I finally booted up my WiiU and went into the Wii’s Virtual Console to download the original 1990 NES Final Fantasy. You’ve mentioned it on this site several times and honestly I had been wanting to try it for a while. Mostly I was worried it would be too “Nintendo hard” like a lot of old school NES games but I have a love for the more old school turn based JRPGs. I’ve been enjoying the 3DS Square JRPG Bravely Default but it does still fall prey to too many modern issues that have plagued the modern Final Fantasy games namely in it’s too damn wordy. Characters take five minutes to explain something I got in the first minute.
Playing the original FF game, it’s amazing to see how far Square has come from this. I think this goes back to what you said about a game being well programmed. Back when companies had small carts to work with, they had to make it count, this is why I think when FF made the jump to PS1 was also when it started to go downhill. When you start the original Final Fantasy you get a short intro, you set up your party and are thrown into the game world and being told “ok, go save the day.” Also some hardcore gamers say the original is “too hard” or “too vague” in what you’re supposed to do and then defend the updated GBA/IOS port. It’s funny how hardcore gamers get mad when something like the Majora’s Mask 3DS remake “watered down” the game by making saving and time traveling easier but are all about watering down Final Fantasy from it’s NES original form.
Then I saw this video: https://www.youtube.com/watch?v=7a95IaFbOwk
This guy was able to beat the first boss in under six minutes so it can’t be that hard of a game. What I found is like the often maligned Zelda II which is a tough game that I also loved, is that both aren’t that hard if you’re willing to level grind. It’s also not nearly as cryptic as say the original Zelda where you really just had to wander around until you found a dungeon. All you have to do is go into any town and talk to people and someone will give you an idea of where to go and what to do.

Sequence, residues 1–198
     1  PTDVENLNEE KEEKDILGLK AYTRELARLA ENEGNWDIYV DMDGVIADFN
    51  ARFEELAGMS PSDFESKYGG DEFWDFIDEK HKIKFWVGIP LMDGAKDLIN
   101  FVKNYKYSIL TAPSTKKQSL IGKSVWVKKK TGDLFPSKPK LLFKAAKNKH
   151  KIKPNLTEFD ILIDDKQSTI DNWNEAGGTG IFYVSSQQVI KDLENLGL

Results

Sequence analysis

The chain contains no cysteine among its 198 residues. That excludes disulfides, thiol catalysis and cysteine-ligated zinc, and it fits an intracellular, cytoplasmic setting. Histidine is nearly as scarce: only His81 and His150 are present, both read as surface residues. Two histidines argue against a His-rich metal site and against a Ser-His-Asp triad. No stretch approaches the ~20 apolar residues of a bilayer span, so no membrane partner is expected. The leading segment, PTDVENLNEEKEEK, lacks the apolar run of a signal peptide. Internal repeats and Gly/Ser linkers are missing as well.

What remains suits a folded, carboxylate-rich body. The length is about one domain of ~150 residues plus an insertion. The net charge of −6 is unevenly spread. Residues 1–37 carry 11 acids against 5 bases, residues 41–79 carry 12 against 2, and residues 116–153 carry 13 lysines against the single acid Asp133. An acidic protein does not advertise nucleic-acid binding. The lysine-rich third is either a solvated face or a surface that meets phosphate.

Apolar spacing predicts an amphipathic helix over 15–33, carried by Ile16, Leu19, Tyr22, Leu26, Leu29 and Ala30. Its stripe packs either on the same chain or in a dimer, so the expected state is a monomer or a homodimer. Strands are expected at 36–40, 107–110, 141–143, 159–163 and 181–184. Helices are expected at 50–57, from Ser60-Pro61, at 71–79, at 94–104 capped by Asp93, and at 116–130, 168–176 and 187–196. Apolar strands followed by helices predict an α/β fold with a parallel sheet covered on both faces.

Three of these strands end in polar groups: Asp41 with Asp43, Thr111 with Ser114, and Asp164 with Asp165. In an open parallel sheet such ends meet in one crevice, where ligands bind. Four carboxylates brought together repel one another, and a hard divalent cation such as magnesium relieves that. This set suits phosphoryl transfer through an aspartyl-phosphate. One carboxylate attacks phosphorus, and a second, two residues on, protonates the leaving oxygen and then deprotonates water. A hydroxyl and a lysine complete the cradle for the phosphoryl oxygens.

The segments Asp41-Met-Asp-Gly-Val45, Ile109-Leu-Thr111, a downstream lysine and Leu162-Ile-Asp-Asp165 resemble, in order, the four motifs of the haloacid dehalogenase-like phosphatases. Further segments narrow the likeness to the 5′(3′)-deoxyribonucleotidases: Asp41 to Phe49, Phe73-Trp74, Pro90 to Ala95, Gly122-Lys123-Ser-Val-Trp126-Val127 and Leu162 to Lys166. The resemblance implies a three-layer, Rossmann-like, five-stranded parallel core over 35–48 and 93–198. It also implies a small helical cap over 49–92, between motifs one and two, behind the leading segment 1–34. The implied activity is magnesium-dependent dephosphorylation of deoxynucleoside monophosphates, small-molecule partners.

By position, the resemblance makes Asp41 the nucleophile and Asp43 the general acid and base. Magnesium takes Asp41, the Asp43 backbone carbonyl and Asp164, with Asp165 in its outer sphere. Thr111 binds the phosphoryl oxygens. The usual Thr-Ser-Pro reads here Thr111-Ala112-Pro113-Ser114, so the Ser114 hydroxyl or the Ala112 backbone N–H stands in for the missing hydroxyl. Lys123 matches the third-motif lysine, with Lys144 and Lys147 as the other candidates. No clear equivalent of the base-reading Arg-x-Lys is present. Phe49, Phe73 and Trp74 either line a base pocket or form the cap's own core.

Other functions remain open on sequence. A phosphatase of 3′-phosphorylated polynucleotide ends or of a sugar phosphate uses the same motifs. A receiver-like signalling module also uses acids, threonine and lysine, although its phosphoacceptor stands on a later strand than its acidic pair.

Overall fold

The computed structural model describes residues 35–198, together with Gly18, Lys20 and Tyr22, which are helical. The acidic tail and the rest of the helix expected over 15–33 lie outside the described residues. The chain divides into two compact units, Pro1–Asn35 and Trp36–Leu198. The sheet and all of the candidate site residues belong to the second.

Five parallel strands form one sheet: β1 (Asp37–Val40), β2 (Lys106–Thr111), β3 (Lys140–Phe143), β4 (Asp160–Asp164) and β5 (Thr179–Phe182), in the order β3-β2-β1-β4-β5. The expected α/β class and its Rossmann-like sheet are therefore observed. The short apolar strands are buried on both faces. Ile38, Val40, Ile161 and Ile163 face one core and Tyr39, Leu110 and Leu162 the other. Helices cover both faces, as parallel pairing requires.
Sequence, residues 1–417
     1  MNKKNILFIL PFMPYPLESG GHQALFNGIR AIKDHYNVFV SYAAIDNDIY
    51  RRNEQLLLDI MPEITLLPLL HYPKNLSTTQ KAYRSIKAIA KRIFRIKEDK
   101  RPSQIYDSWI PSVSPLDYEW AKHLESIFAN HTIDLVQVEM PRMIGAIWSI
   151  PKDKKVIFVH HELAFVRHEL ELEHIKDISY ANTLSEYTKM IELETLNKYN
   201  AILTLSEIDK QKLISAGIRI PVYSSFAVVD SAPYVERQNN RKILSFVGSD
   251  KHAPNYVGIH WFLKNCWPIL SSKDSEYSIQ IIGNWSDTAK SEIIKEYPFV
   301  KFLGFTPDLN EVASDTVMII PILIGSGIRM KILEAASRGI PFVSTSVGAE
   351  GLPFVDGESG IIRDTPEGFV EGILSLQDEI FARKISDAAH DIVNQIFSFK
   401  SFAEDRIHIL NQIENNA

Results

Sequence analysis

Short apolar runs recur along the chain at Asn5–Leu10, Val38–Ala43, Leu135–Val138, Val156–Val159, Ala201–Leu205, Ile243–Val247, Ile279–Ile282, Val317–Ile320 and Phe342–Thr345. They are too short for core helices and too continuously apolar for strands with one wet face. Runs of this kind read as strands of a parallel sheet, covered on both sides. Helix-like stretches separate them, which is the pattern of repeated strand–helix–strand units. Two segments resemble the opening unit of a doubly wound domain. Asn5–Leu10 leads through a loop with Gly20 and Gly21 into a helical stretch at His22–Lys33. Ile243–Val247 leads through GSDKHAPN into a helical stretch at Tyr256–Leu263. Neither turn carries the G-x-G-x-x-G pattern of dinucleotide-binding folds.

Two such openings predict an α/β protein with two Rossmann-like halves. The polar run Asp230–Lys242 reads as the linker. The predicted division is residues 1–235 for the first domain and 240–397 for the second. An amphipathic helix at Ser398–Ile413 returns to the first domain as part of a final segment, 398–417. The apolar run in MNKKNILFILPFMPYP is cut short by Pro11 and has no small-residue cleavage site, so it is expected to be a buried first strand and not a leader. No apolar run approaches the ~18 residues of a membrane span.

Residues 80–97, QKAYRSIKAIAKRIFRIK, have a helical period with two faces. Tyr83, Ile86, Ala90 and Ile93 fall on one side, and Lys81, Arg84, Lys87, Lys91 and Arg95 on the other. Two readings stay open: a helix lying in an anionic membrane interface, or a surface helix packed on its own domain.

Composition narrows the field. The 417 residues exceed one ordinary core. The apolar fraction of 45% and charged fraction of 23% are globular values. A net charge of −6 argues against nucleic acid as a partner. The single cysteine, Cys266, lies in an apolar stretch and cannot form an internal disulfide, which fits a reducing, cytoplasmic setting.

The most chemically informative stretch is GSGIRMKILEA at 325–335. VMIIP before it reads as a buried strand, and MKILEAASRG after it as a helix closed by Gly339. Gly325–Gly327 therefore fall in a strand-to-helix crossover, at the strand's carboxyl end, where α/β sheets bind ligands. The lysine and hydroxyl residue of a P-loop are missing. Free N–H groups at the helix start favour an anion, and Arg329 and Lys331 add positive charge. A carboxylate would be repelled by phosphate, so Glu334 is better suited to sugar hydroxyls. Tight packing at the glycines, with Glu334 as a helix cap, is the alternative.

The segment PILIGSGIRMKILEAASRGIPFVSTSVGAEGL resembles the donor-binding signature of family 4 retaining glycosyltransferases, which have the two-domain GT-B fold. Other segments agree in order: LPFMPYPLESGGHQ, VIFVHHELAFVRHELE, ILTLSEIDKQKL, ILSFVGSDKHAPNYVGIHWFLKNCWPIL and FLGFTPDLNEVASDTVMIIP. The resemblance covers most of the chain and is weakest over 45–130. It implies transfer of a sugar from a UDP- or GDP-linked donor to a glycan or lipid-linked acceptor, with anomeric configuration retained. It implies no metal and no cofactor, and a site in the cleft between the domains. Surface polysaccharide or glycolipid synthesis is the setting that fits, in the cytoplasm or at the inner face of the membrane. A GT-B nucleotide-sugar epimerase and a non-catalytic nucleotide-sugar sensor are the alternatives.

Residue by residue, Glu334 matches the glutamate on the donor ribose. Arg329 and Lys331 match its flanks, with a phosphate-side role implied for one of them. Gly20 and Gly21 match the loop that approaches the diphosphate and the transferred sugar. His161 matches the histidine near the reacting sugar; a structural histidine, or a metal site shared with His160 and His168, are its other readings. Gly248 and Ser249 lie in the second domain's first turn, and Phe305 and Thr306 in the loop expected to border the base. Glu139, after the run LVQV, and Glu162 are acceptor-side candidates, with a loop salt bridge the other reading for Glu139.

It’s amazing how watered down Final Fantasy has gotten in recent years. Many fans and even reviewers in hindsight look at FFXIII and realize how bad it was removing the fun, open world exploration in favor of walking down halls and watching cut scenes with a battle system that basically plays itself. Though everyone is rallying around XV saying “it’s returning to form! They’re promising a big open world!” Too bad all I’ve seen of the game is the effeminate Japanese boy band driving around in a car. Though what’s interesting about FFXV is that it will be the game that makes or breaks the Japanese console market given how poorly the PS4 has been selling there.
The original Final Fantasy is amazing, and I still play the game. I haven’t been able to lately because the battery died on my NES cartridge (oh, the humanity!). Aside from being able to choose different classes and all the usual things you expect me to say, I think the original Final Fantasy had the best story. Other games might have had better characters, but the story didn’t seem as epic. Final Fantasy’s adventure is just insane.
In the original Nintendo Power Final Fantasy Guide, they broke the game down into chapters which is actually helpful for breaking apart the game. Let’s do the same. Just imagine how the game twists the context on you.